A web designer is a person who designs various types of websites, while helping people to realize their goods, services or information through these sites. In essence, the work of a designer is the visual embodiment of certain ideas or business ideas through the use of computer programs.

A designer doesn't draw whatever he wants, he solves someone's problem. The designer does not draw as he pleases, he uses the experience gained by others. A designer is not an artist, he does not have to be able to draw, although this skill can help.

Cozy workplace

About the profession

To help you understand exactly how the design process works, let's look at it in the simplest way: the designer–client. Stages:

  1. Communication with the client: you are approached with a request to make a website. You divide your communication into three main parts:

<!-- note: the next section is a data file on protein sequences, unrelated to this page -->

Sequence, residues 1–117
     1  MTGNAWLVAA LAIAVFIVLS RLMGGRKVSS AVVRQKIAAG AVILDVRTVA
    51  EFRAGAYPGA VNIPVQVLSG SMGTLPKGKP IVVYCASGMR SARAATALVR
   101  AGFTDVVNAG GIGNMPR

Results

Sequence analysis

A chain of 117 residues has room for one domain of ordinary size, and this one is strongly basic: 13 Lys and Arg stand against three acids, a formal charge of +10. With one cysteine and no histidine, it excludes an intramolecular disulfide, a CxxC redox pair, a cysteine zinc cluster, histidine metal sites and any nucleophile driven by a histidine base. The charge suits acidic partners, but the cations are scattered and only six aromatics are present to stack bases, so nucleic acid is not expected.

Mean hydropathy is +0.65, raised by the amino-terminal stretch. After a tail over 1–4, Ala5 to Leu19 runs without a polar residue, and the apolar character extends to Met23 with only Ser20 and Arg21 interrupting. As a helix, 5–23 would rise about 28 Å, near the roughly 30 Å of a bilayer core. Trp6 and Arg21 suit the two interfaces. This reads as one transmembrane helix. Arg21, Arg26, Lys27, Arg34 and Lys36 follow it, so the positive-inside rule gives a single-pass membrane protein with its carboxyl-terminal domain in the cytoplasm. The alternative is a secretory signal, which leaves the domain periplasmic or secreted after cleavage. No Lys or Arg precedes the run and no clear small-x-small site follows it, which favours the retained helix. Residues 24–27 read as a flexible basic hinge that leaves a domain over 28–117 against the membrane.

• financial: how the payment will be made, prepaid/postpaid, choice of payment system, hourly payment or fixed amount, etc.
    • technical: choice of a graphic editor (determines which source file you will transfer after work is completed), technical requirements from a layout designer/programmer, adaptive design for different devices (desktop, tablet and smartphone), etc.
    • semantic, it is also the main one: getting to know the client and his business, the main problem and goal that the site solves, the terms of reference from the client himself (choosing the site structure, visual components), restrictions, example sites, etc. < /li>